International Mammalian Genome Society

The 14th International Mouse Genome Conference (2000)


E1. Using Phage Display in Functional Genomics

Peter Pavlik1, Rob Segal1, Daniele Sblattero2, Vittorio Verzillo2, Jianlong Lou2, Roberto Marzari3, Jim Marks4, Andrew Bradbury1,2.
1Los Alamos National Laboratory, Los Alamos, New Mexico
2International School for Advanced Studies, Trieste, Italy
3University of Trieste, Trieste, Italy
4University of California, San Francisco, San Francisco, California

We have developed novel recombinatorial methods for making phage antibody libraries (Nature Biotech 2000, 18, 75) which result in a final diversity of over 1e11 different phage antibodies. We have used this library, and others, in an attempt to derive a general method to select antibodies against gene products starting from sequence information.

As a first step towards this goal, selection of antibodies against recombinant proteins has been reduced to the microtitre format. A comparison of the antibodies selected using this protocol with the standard selection procedure shows that the antibodies selected are on the whole different, although there is some overlap. When gene products are available this is a very efficient way to select antibodies in a high throughput format.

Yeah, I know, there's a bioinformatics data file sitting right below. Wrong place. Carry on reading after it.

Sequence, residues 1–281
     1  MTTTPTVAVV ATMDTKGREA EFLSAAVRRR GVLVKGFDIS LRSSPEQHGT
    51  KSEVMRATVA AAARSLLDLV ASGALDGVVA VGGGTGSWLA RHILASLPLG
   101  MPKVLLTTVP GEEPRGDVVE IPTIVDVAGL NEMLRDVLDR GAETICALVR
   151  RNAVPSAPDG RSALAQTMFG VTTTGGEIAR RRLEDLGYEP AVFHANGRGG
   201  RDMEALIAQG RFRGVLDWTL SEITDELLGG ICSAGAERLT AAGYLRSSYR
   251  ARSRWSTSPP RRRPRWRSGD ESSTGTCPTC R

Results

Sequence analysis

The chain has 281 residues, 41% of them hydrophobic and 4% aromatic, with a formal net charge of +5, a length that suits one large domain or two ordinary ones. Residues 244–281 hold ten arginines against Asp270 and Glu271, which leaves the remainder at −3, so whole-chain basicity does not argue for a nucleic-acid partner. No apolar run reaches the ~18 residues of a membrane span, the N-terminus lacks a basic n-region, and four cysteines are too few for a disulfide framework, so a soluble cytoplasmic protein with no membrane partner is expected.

Since gene products are often not available, selection on peptide surrogates of gene products has also been attempted. 90 scanning peptides corresponding to overlapping parts of four different proteins have been synthesised on microtitre pins and used to select phage antibodies. Some of the selected antibodies are able to recognise the full length protein. An analysis of the peptides which select antibodies recognising the full length protein has allowed us to develop an algorithm to predict which peptides are more likely to select useful proteins. We have used this algorithm to select antibodies against a number of different peptides derived from proteins, and many of the polyclonal and monoclonal antibodies selected recognise the full length protein from which they were derived.

Antibodies derived using phage display can be employed in the same way as traditional antibodies, including immunoprecipitation, immunoblotting, elisa, and immunofluorescence. As such, they can play essential roles in assigning gene function, including the characterization of spatiotemporal patterns of protein expression and the elucidation of protein-protein interactions.


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